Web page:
Howard U president and Diddy thegrio.com
Happier times. Sean 'Diddy' Combs (R) presents his Alma Matter Howard University's President Wayne A.I. Frederick, M.D., MBA with one million dollar check at the Puff Daddy and Bad Boy Family Reunion Tour at the Verizon Center on September 22, 2016. (Photo by Larry French/Getty Images for Live Nation)

Howard University continues to pick up the pieces after a after a whistleblower’s bombshell blog post exposed six Howard University employees who allegedly stole more than $1 million from the university. The fallout has led to public relations nightmare for the world-renowned HBCU, protests by angry students, numerous questions from alumni and donors, and a social media field day as one of the biggest offenders became a hashtag on Twitter and the butt of jokes on late night TV.

Howard president Wayne A. I. Frederick, along with the school’s board of trustees, has gone into full damage control mode over the last few days. They have tepidly addressed the scandal, but there is a lot of work to be done. Here are five things they must do, or keep doing, to help calm a very angry (and influential) alumni base and student body. They cannot repeat the mistakes several schools have made in the face of various scandals.

Be Transparent

Howard only needs to look at how Grambling State University handled a 2013 walk out by their football team, which was in protest of the firing of two popular coaches and the dangerous conditions of their athletic facilities. The walkout even led to the forfeiture of a game against Jackson State. Grambling’s president did not have any answers for the team, and it took an intervention from former coach Doug Williams to end the boycott. Frederick released a statement acknowledging there were university grants were misappropriated by employees. However, it was also the first the students and alums had heard from the school’s president. It was managed to keep both what happened and who was punished fairly vague. Keep the dialogue open with students and alumni, because this will not just go away.

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Own it

The media did not cause this. It wasn’t simply one rogue employee (more on him later). This was an institutional failure that was the fault of no one except the university itself. Howard is a private institution, but it has a lot of public influence among African-Americans. They must directly acknowledge what went wrong. Answer questions and not hide behind canned statements. Keep it 100 with the people that keep Howard alive.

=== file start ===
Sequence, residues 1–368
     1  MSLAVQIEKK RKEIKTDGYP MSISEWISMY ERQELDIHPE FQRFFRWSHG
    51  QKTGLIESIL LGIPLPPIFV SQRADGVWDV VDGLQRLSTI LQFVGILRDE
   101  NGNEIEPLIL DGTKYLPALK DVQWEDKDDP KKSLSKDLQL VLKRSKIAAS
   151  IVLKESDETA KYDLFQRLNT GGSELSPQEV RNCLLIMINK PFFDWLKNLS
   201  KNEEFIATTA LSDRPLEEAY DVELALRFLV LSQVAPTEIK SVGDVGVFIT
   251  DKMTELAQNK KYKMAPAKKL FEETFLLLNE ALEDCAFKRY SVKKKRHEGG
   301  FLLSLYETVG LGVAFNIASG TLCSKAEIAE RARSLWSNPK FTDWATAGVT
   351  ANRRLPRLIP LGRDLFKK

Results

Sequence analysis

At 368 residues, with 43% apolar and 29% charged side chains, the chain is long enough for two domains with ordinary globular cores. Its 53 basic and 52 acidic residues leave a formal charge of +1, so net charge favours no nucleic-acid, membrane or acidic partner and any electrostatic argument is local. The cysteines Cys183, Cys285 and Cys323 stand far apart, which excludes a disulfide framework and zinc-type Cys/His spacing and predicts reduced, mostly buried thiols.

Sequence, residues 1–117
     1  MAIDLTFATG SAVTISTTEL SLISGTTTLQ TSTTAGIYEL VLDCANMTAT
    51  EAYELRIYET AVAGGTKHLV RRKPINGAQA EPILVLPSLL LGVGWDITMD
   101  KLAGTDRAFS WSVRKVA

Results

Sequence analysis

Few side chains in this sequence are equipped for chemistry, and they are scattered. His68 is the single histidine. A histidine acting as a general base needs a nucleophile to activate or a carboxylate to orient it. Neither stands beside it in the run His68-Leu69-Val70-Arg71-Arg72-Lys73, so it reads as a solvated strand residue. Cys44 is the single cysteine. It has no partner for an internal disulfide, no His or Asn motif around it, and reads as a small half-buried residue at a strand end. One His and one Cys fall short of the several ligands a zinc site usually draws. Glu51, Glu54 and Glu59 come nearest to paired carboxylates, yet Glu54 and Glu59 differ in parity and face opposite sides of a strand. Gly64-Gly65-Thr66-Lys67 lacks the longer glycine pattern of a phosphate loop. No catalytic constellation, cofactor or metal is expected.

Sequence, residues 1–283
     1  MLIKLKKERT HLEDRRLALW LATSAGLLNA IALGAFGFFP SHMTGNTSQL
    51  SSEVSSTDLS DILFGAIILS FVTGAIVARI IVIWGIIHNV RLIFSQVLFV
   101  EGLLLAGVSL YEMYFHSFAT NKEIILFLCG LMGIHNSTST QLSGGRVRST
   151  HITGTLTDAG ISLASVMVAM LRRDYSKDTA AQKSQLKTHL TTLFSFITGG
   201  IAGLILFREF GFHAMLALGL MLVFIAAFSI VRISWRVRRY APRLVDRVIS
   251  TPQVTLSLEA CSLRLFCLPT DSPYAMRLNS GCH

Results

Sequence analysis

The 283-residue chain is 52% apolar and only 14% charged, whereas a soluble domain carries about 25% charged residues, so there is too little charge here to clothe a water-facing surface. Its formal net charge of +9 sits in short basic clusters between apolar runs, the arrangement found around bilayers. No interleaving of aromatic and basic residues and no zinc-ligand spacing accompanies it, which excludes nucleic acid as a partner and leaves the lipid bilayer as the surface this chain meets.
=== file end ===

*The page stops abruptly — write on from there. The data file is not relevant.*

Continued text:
Address the Tyrone Hankerson situation

Yes, he very likely brought it upon himself, but this young man is going through the ringer. He told Roland Martin that he is being used as a foil to take down Frederick. The school needs to directly address what happened with Hankerson as he has become the face of the scandal. What was his position there? What access did he have to the system that determines who receives aid? Who else knew what was happening and what was done with them?

Announce new safeguards

Whether the scandals involve money, improper athletic favors, or something as heinous as sexual assault, when a breakdown of the system occurs it needs to be addressed, quickly, decisively and directly. At Michigan State University, in a much worse situation, 14 high ranking officials inside of the university, including now-former president Lou Anna Simon and a number of coaches, knew of Larry Nassar’s sexual abuse of hundreds of young women and girls. It was not until this was exposed that wholesale changes began to be made there. Other schools such as Florida A&M, Baylor, and Penn State have had to make similar changes after more devastating scandals. Be ready to fire others and force resignations where needed. Changes must be made and being open and detailed about what is next is vital to getting out of this.

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Address the Student Body Directly

Howard University’s students and its administration have had an, at times, contentious relationship at times. This situation has only made it worse. Directly addressing students, perhaps through a series of town hall meetings, is one way to mend that fence. E-mails to anxious and angry alumni are not enough, not when questions about money are involved. It’s time to swallow pride, get in front of those kids (and potentially their parents) and promise them that you’ll work hard to insure this will never happen again. Period.